The last two equally comfortably sized buttons on the Pentxa X70's back are for menu - a press of which brings up four record and three set up folders, options overlaying the handily still visible image on screen in white text - and user friendly, photographic option-reducing 'green' mode for the more inexperienced. Press this and all ability to change key camera settings is disabled; meaning it can in theory be handed to the mother in law and the kids without the device doing something untoward.
While the right hand side of the camera is given over to the grip and eyelet for attaching a strap, the left hand flank of the camera - as viewed from the rear - features a built in speaker, just below which is a rubber flap protecting standard ports for USB and AV connectivity. There's no HDMI out option or cabling provided to hook the X70 up to an HDTV set however.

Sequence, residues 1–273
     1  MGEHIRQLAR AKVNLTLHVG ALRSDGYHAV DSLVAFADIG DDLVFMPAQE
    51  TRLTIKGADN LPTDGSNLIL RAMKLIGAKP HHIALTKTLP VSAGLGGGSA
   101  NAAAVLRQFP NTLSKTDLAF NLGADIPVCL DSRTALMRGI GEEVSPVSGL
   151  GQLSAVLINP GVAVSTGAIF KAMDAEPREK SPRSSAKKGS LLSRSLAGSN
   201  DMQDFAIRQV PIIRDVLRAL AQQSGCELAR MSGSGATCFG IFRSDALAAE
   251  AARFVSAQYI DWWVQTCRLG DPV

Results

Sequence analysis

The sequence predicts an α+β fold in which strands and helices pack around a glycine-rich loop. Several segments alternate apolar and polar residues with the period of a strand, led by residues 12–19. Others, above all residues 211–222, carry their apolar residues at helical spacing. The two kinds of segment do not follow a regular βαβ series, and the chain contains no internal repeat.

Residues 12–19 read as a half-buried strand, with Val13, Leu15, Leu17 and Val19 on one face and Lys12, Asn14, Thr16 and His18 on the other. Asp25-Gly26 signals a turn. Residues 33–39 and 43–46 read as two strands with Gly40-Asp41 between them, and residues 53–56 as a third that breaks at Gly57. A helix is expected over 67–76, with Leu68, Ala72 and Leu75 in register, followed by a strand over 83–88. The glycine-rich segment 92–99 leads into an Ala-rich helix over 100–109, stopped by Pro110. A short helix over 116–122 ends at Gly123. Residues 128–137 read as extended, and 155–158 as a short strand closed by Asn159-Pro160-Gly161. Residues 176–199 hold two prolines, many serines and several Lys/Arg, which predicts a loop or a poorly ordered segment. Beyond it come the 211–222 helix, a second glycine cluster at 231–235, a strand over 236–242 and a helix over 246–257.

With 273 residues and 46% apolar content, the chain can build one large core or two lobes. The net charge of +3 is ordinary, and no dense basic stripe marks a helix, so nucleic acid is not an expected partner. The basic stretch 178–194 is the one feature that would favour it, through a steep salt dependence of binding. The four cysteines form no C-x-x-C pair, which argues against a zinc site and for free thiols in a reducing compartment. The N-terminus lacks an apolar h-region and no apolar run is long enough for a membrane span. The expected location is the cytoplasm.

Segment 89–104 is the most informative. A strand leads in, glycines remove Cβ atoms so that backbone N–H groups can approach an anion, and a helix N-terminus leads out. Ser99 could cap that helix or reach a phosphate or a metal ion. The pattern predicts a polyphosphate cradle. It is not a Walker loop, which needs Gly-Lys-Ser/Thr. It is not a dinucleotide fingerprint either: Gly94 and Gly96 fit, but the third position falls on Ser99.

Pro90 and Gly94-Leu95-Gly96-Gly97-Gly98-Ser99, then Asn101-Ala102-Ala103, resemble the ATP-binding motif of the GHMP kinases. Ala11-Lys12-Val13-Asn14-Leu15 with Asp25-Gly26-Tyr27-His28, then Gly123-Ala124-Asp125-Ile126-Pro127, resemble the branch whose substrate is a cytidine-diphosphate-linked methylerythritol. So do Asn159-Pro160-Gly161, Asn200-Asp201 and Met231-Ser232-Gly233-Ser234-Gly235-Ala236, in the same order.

The base of the Pentxa X70 features a screw thread for attaching it to a tripod, next to which is a shared compartment for battery and SD or SDHC media, protected by a door with lockable catch, slid open with strong fingernails. While design, layout and operation is reasonably streamlined, less impressive is a battery life of just 170 shots from a full charge; in practice juice levels were running low after just a weekend's use, meaning this isn't the greatest choice of travel companion. A pity, as its compositional versatility would be a boon for both city and country touring.